Taking place at the heart of the Salon du Dessin, Paris’s annual festival of works on paper, ‘Traits et Portraits’ will be an exceptional drawing event. The twenty-four works from a private London collection constitute a hymn to the art of drawing, and to the human figure. Spanning four centuries of creativity, strokes of pencil and strokes of genius, from Guercino to Picasso, this dazzling group delves deeply into the act of drawing, and the human soul.
The ink, charcoal and red chalk drawings dive into the heart of the creative process, the decisive moment when the line is born. No sterile non finito here; no, the suspension of the gesture marks only a pause, before continuing much further. That continuation can be a finished drawing in which the evolution of the work is no longer visible; a contemporary vision of drawing, created and appreciated as a fully-fledged genre in its own right, something achieved by Picasso and Matisse, among others. Equally contemporary is the viewer’s sense of looking over the artist’s shoulder at the moment of creation – a moment that could be last week, or four centuries ago, it makes no difference.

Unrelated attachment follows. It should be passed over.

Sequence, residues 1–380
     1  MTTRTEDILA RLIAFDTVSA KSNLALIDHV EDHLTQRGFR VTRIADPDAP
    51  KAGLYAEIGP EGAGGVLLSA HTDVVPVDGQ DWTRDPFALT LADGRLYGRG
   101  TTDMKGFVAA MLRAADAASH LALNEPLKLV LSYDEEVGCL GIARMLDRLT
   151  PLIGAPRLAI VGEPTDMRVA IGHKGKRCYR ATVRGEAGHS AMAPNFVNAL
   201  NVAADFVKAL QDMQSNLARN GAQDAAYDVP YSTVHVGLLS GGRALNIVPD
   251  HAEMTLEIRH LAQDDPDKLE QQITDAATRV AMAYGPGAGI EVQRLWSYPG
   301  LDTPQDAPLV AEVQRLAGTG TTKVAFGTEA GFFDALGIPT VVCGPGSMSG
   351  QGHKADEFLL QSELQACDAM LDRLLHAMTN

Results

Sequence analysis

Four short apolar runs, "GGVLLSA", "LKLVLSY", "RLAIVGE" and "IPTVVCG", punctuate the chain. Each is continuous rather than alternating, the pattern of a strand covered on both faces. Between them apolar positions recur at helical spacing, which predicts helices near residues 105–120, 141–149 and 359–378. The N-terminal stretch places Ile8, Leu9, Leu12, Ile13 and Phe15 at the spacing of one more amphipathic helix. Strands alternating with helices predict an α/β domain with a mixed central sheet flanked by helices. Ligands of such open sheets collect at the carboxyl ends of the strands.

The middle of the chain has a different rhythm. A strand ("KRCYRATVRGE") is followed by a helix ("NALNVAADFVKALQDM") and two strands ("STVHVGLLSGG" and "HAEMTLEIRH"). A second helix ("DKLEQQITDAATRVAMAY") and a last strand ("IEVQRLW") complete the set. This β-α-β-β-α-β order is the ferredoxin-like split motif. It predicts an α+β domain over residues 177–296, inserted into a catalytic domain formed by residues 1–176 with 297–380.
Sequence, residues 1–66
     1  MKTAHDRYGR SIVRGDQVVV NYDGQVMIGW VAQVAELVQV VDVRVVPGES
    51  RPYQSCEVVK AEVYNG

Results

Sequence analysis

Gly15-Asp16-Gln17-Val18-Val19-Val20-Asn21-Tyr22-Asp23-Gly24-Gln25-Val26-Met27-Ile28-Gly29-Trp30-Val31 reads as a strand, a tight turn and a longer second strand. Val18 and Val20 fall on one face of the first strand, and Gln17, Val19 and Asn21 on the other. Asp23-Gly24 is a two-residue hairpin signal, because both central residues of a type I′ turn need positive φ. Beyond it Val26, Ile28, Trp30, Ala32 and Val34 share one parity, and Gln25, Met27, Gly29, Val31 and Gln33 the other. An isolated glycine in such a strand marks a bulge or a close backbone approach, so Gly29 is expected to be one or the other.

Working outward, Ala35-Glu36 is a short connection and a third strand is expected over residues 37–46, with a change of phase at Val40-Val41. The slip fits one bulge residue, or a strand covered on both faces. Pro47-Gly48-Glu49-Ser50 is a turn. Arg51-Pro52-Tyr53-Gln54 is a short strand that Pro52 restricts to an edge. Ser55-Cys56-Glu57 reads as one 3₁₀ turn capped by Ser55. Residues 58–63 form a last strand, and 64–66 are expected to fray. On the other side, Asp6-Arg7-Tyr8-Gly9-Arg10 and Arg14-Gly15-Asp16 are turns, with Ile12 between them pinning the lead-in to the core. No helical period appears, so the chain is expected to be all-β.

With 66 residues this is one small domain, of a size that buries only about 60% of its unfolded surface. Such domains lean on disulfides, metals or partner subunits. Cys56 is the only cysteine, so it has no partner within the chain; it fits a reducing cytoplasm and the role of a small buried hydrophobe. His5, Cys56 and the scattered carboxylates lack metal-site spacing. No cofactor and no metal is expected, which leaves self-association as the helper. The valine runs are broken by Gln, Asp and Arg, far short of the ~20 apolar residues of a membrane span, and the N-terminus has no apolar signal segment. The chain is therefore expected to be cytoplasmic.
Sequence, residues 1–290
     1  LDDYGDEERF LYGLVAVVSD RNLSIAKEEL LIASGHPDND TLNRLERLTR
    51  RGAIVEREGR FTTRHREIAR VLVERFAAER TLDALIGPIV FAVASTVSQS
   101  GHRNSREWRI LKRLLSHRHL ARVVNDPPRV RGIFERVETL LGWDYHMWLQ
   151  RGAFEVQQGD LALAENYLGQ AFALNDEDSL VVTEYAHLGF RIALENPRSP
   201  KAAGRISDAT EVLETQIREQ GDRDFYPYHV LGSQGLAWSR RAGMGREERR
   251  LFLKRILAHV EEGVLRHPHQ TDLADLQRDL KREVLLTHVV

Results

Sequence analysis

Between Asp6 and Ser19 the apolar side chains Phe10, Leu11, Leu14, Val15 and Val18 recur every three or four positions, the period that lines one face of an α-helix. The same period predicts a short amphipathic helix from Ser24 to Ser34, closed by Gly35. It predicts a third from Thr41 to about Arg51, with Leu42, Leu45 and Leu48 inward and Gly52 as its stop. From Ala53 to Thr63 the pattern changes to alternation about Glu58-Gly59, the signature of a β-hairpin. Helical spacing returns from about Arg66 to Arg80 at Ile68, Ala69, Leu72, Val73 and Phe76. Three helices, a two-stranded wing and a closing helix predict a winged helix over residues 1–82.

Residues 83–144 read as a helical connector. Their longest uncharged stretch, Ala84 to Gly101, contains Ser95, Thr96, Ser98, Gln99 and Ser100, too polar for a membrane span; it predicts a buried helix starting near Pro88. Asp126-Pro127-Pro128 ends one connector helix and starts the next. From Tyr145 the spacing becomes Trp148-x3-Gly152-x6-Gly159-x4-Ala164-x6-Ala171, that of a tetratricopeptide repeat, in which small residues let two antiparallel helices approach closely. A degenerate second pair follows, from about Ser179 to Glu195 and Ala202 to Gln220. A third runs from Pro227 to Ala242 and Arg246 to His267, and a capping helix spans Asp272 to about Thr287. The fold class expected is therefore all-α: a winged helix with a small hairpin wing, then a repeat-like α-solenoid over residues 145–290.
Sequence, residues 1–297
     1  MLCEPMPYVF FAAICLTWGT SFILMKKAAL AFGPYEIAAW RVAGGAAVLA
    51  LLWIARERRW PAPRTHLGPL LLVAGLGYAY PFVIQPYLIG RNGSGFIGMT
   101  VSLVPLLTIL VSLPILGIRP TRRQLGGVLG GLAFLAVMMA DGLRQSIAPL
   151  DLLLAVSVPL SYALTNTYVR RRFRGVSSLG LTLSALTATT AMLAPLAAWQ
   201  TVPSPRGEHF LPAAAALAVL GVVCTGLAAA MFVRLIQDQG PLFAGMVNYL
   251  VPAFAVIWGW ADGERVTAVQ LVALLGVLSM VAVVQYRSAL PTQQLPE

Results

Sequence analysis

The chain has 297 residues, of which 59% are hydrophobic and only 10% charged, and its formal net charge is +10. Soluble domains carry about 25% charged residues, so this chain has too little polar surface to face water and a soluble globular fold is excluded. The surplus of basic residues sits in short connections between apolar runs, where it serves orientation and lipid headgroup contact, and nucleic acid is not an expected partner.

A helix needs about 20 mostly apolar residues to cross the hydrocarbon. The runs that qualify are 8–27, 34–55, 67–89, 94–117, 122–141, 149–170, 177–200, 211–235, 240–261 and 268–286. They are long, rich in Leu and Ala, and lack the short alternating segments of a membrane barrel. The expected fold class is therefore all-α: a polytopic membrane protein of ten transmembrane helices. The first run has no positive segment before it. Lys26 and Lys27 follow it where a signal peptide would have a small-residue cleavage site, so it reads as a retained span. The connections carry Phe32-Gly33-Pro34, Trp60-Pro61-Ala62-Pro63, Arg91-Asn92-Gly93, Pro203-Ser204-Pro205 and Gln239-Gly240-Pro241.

Besides the collector's eye and the drawings' pure quality, there is one common thread running through all the works, from moving groups (Guercino’s Roman Charity or Ferdinand Bol’s Angel Appearing to an Old Man) to portraits of artists (Matisse’s Baudelaire) or lovers (Picasso’s Dora on the Beach), to heads (Tiepolo’s Head of a Native American): it is expression, and even Expressionism. This is the sense that permeates everything, from the postures of Piranesi’s silhouettes, to the eroticised flesh of Picasso’s nudes.
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